Ryan Donato wore No. 16 throughout his hockey life. That number wasn’t available upon his arrival to the Bruins so he got the next best thing: a jersey patch in honor of Rick Middleton’s banner raising night.
Donato’s father, former Bruin and current Harvard University head coach Ted, idolized Nifty growing up. His son was on hand to see Middleton finally raise that No. 16 to the rafters between fellow Bruins greats Milt Schmidt and Terry O’Reilly during Thursday’s pregame ceremony at TD Garden.
Fittingly enough, Ryan Donato had a night to remember in his first game back in Boston since his Providence assignment on Oct. 30. With the game on his stick in the fourth round of the shootout, Donato had his own nifty moment when he beat Islanders goalie Robin Lehner with the backhander to secure another two points for the Black and Gold.
“Yeah, 16 was on the chest tonight, on the little patch there,” Donato replied in his first postgame answer to the hoard of reporters. “So hopefully we’ll keep it for the rest of the season. We’ll see.”
“I mean, you work really hard in your time down there and to get repaid for it,” the second generation Donato added about his shootout winner. “It’s been a long time since [my last game in Boston]. You can work hard up in this league and not have a lot of success so finally working hard paid off and it was nice to have that feeling.
Here are some other things we learned as the battle-tested Bruins scratched their way to another victory.
On the night they retire number 16, number 17 wins the game for the Bruins in the shoot out. Ryan Donato. pic.twitter.com/0tCh6oaTCb
Donato’s shooting instincts and offensive creativity gave the Bruins a late season lift in 2017-18. The team expected another step forward after tallying nine points (five goals, four assists) in his first 12 career NHL games.
A slow start, however, sent Donato down I-95 South for AHL seasoning. He see-sawed between the third and fourth lines during his first 11 games that resulted in a single goal on the statsheet. Playing top line minutes with Providence, the 22-year-old regained his scoring touch, notching nine points (five goals, four assists) during his 10-game stint.
Donato realized that a good 95 percent of the game is played without the puck. He took that mindset to heart during his first interaction with Cassidy upon his call-up. The third-year Bruins coach echoed that sentiment following after watching his team grind through another low-scoring affair.
“Well, he should. He’s going to have to play defense if he’s going to play here. Especially right now, we’re winning a lot of close games, so that’s fine,” Cassidy said. “We’re not trying to coach the skill out of him, by any means, but we just want to make sure that it’s okay if he airs on the side of caution right now and make sure that he’s working to be above pucks because I think his natural instincts will take over offensively.”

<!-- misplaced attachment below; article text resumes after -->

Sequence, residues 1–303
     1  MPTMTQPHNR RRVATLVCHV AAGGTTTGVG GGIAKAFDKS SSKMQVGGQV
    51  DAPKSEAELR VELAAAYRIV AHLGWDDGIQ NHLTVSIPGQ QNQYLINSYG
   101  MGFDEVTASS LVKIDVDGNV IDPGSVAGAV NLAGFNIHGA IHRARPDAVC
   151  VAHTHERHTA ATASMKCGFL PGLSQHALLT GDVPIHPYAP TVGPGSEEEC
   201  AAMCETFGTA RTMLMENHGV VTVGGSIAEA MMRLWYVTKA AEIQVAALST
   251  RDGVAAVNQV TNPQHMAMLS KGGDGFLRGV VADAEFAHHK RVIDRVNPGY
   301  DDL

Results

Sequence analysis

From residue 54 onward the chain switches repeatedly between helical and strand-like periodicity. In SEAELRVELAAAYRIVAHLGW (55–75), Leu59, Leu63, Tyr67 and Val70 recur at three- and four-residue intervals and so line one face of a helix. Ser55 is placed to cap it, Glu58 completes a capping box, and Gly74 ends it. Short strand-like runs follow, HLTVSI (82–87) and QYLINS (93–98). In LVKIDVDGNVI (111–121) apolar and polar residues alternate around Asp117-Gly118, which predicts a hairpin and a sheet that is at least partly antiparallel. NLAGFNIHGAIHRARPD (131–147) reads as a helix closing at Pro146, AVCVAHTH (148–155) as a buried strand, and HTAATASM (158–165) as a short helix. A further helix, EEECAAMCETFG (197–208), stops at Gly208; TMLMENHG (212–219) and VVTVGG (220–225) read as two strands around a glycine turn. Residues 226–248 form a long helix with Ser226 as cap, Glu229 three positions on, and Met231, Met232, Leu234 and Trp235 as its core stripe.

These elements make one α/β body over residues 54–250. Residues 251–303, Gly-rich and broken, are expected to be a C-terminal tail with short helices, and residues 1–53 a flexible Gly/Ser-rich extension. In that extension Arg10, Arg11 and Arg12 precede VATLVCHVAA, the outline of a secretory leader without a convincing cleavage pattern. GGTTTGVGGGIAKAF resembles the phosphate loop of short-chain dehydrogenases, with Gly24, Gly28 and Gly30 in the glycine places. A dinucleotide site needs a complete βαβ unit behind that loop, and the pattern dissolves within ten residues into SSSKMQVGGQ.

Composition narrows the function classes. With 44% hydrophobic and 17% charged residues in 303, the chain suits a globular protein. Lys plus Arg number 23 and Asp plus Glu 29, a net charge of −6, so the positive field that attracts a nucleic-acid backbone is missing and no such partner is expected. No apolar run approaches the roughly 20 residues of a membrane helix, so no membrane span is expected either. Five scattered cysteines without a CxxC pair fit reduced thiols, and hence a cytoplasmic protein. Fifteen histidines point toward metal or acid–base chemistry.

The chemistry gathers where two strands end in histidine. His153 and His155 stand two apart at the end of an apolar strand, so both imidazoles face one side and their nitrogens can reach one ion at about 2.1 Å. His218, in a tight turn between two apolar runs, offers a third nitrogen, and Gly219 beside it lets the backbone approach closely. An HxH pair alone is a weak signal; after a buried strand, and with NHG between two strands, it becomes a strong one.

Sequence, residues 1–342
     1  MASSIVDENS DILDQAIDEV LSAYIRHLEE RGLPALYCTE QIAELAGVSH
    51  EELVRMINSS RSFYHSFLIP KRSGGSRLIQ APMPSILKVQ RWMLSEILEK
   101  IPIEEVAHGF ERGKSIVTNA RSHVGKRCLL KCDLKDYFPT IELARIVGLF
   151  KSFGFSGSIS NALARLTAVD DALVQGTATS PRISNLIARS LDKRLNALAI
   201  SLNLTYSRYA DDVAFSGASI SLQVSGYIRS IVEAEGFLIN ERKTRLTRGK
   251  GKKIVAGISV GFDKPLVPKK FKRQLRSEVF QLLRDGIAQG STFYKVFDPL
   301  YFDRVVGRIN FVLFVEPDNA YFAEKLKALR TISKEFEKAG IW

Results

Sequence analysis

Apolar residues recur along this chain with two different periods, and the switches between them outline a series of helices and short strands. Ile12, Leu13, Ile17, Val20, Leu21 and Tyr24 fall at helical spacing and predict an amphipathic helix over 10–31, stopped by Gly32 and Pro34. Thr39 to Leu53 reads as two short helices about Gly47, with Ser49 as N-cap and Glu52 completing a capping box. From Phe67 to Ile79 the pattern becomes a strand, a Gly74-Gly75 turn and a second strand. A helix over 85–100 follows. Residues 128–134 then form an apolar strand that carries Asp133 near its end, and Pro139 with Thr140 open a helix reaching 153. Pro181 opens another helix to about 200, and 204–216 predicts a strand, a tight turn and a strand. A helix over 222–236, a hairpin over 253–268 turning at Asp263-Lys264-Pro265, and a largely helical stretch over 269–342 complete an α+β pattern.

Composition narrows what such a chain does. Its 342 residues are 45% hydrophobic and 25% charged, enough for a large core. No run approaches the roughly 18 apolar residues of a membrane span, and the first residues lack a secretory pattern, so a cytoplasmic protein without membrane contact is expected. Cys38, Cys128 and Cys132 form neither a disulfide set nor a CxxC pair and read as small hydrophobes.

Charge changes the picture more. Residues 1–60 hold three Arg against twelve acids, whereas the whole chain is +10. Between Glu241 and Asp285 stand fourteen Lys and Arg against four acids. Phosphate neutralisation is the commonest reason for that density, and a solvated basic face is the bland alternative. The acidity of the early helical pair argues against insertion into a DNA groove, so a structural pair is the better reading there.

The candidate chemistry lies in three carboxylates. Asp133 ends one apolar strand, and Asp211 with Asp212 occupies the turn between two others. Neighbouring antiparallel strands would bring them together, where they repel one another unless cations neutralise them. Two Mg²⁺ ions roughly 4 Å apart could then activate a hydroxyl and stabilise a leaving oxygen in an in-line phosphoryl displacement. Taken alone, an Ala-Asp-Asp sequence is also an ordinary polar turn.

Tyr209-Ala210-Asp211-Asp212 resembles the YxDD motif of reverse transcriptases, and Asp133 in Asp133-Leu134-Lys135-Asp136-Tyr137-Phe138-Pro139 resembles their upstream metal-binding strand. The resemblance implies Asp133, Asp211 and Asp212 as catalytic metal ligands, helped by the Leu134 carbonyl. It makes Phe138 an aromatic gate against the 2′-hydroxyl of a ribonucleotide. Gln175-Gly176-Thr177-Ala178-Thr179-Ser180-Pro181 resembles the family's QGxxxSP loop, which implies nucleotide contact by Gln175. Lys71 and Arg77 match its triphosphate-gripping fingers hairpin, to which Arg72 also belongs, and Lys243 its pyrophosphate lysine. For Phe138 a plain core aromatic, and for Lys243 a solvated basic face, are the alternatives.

Donato’s final stat line in his Boston return included a blocked shot and three shots on goal in 10:41 of ice time.
Something donned on Rask since his return from a leave of absence a few weeks back.
Rask had a relatively quiet workload through 60 minutes, at least compared to his previous four starts. His workload picked up considerably as the Islanders had prime opportunities to end things during the 3-on-3 overtime. The Finn put together quite the goaltending clinic with key stops on breakaways and odd-man rushes during the five-minute session.
His six overtime saves and perfect 4-for-4 outing in the shootout put the Bruins in position to win. Rask delivered, again, and improved to 3-0-2 in his last five games.
“You just kind of work hard in practice, try to get some shots and work with the goalie coach, and then when the game time comes, you try to be there. Some days you are; some days you aren’t, and the past few games I have,” Rask (28 saves) said about his recent run. “It’s a mystery; I don’t know. I want to do it every night, but you know.”
The Bruins are still searching for their ideal lineup
Low scoring games have become the norm in Boston as they battle the ongoing injury bug. Their defense and goaltending are coming through in the clutch despite the plethora of ailments to the likes of Zdeno Chara, Charlie McAvoy, Brandon Carlo and Kevan Miller to name a few. Goal scoring had been hard to come by in Patrice Bergeron’s absence.
Cassidy finds himself adjusting his lineups on the fly. Thursday’s example meant splitting up Brad Marchand and David Pastrnak against a stingy Isles D. The former slotted in with Colby Cave and Jake DeBrusk while the latter reunited with fellow countryman David Krejci with Joakim Nordstrom moving up to the off wing.
“I thought Marchy [Marchand] and Pasta [Pastrnak] early on were trying to make plays against – basically they play a 1-1-3. They protect the blue line well,” Cassidy said about his in-game lineup adjustment.
“We put Nordy [Nordstrom] up on the wing with Krech [Krejci] and Pasta to give him more of a defensive conscience so they could still play their game in those games. Every line we’ve put together for the most part is there is some of that thought that there’s a solid defensive guy just because of the way the games have played out for us recently.”
They’re finding ways to win. That’s all that matters to Cassidy and company.
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